It was conversations with his boss — a 30-year Army veteran — that convinced him to keep his Olympic dream alive.

“I saw the light it brought to some of the soldiers,” he said. “It was just great to be able to talk about it with them. … They loved it, and it’s a great inspiration to them.”

Fogt said being moved into USA 1 with pilot and Park City native Steve Holcomb, who drove the Night Train to the first U.S. Olympic gold medal in 62 years, has given renewed hope of earning an Olympic medal, which will belong, in part, to those soldiers he represents.

“After winning the push championships, I was really hopeful it would happen,” he said of being named a member of the Night Train. “I get to start the season with USA 1, which is awesome. I’m very excited.”

Holcomb said Fogt’s earned his spot in the country’s top sled.

“He’s an incredible athlete,” Holcomb said. “He’s stepped up this year, and he’s shown in his testing, he’s the fastest guy on the team right now, both in sprints and in pushing. … He’s been in consideration for my team for a long time, but it’s just been a matter of making that jump.” Fogt said more time off to train allowed him to enter the August camp in top physical condition. His year in Iraq has given him confidence, perspective and focus. And on Aug. 31, his life gained another dimension when he married his longtime girlfriend, Rachel, in the Salt Lake Temple.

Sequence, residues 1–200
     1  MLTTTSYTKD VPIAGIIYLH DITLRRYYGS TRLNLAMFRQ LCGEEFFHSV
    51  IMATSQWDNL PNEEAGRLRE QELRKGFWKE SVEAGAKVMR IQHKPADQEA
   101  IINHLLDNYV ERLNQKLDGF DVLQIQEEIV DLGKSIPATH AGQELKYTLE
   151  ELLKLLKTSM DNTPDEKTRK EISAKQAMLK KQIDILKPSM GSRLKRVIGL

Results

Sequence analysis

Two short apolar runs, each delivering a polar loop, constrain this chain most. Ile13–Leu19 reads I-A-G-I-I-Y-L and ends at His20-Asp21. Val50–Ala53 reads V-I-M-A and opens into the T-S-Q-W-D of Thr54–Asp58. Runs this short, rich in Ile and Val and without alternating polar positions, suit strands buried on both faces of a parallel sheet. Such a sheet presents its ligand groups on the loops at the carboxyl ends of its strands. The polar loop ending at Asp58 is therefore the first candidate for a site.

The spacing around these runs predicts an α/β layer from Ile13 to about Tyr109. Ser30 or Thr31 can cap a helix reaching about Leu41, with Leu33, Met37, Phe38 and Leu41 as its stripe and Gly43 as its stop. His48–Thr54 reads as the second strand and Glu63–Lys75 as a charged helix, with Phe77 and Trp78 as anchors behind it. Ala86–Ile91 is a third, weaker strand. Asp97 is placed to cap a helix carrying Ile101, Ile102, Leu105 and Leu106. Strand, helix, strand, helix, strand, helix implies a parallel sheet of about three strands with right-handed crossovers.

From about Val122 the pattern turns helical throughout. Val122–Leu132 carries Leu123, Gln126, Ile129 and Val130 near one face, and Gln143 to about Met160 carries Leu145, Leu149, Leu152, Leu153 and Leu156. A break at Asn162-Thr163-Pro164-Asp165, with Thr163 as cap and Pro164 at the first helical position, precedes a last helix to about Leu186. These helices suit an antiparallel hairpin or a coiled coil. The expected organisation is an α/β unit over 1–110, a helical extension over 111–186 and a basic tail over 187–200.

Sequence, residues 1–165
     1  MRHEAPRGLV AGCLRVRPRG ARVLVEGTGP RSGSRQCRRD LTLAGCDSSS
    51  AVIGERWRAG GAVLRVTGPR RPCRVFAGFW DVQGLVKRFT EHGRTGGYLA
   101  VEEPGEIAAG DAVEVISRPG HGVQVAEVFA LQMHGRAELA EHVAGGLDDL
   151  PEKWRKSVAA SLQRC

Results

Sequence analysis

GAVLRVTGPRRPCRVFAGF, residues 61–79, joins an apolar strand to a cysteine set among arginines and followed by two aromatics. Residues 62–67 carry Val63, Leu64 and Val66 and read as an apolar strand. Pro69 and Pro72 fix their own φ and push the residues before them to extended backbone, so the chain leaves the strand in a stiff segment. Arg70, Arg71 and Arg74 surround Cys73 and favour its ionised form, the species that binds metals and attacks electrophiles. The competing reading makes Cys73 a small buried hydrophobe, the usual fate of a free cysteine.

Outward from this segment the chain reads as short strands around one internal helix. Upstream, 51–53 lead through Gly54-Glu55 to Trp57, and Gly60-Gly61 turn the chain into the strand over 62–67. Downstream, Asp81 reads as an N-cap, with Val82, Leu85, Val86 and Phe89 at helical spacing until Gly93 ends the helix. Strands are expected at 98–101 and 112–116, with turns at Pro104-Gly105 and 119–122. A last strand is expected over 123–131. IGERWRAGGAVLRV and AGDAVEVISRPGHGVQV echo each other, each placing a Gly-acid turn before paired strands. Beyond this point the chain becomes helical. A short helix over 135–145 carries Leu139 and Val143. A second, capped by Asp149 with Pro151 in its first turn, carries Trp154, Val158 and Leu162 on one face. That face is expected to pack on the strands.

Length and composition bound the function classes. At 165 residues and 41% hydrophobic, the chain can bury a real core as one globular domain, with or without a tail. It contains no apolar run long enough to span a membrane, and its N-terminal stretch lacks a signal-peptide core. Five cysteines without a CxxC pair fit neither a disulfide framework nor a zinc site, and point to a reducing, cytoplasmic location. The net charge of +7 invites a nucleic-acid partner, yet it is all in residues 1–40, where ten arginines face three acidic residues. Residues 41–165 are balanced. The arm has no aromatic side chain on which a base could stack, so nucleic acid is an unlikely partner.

Fogt admits that it is frustrating that after all he’s done and dealt with, he still struggles to speak — especially in crowds.

“I don’t know why,” he said. “I had speech therapy throughout middle school and high school, but I quit in high school because I was embarrassed to go.”

Independent and determined, he thought if he tried hard enough, he could overcome it. But the more he wanted to express himself, the more unwilling his mouth seemed to be.

“I think it’s an anxiety thing, for sure,” Fogt said. “It’s tough as a kid to really speak your mind. And other kids are ruthless. You get made fun of, yeah, I got made fun of, but at the same time, I had sports as an outlet.”

Sports became his refuge. It was the place where people tried to help him and where they respected his desire to fight through it.

“My teammates were my friends and they understood it was something I dealt with,” he said. “It was still frustrating. I used to run in all the plays for football and I stuttered. I had to come up with hand signals because it was so bad.”

The worst, however, was in junior high when he withdrew because “kids are so brutal. … People want to make themselves look good, they need an outlet, so they’re trying to laugh and make fun of you.”

His advice to kids struggling with a speech impediment is simply to embrace the very things that are most difficult. People still make jokes, sometimes they still laugh. He is just no longer worried about what people think.

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“Don’t be embarrassed about it,” he said. “Just try to remain confident throughout the process. It’s tough because you will fail. I’m 30-years old and I still stutter. But it’s gotten better, and it will get better.” And nothing helps more than finding a passion, a purpose.

“It would have been a lot harder without sports — and the Army,” he said. “That’s the thing, find something that you’re good at, whether it’s athletics, science, whatever, and that way you’ll find friends. Once you have something in common with them, they’re less likely to make fun of you. It’s hard to gain confidence when you stutter. You can’t express yourself; you feel dumb. But don’t let it get the best of you. Just keep talking.”